As some of you probably noticed, I haven't been around much lately. As busy as I was this summer with work, I really tried to get out as much as I could with my wife and kids. It didn't always work out and we definitely had to miss out on a few things due to my schedule, but we tried to make the best of it.
I figure I'll spend the next few posts showing you all some of the fun things we did get to do. Perhaps they will provide a bit of inspiration for one of your stories or poems, or perhaps you might find an interest in a new hobby or activity. Who knows.
Today I would like to tell you about the "You-Pick-It" farm. This was definitely an extraordinary excursion. It took us about fifteen minutes or so to drive to the farm where all produce was purchased by box increments. The boxes were like orange boxes I always see at the store around the holidays.
We discovered that buying tomatoes this way was incredibly cheaper than buying from the store. Another good thing about it was that we could pick our tomatoes right off the vine, and there were acres of tomato plants to choose from. On the same note, we did end up going a bit later in the season than was optimal. There were a lot of good tomatoes, but a lot more that were stepped on and some that were rotting. I reread that and the first thing that comes to mind is how it must have smelled, so let me ease your troubled mind by saying that even though some were rotting, it did not smell like a compost bin. You did, however, have to carefully examine a tomato before just automatically reaching your hand out to grab it. A few thumbs into the squishy, decaying flesh of rotten reds will teach you that lesson with a quickness.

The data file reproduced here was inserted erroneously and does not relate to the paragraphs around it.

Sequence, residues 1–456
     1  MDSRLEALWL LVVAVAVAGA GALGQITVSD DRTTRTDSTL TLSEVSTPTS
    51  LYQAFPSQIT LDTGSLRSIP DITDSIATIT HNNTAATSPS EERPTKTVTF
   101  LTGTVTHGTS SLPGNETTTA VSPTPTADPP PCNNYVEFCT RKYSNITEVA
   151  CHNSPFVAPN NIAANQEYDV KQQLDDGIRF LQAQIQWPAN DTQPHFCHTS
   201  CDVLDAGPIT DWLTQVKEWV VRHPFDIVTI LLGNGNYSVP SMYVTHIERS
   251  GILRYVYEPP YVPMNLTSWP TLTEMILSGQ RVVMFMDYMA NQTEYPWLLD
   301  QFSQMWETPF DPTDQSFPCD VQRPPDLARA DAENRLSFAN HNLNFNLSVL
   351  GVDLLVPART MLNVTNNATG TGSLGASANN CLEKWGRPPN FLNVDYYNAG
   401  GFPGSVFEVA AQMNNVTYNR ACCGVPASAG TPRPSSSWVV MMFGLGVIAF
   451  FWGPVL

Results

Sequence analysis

Another thing they had at the farm was peppers. Lots and lots of peppers. We picked ancho, chayanne, and jalapeno peppers. The Bells were a bit past due, unfortunately.
So what did we do with all of the produce we picked? Well, for starters, we made quite a bit of spaghetti sauce. And when that got old and we were starting to get a bit tired of the whole process, we just stewed the tomatoes for use later. I also made a batch of jalapeno jelly, much to my wife's dismay. (I lit the stove on fire... yeah, remind me to post about that one later.) I also dehydrated a large portion of the peppers and ground up probably about half to use for various spices, including my very own chili powder! (Okay, so I took a recipe and modified it.)
All in all, we had a lot of fun and filled up our food stores with an abundance of summer flavor. We also learned a lot about what worked and what didn't work in our own garden. For one, I planted way too many cucumbers! The kids do enjoy the pickles their mom made for them though, and all the cucumbers we didn't use went into the compost.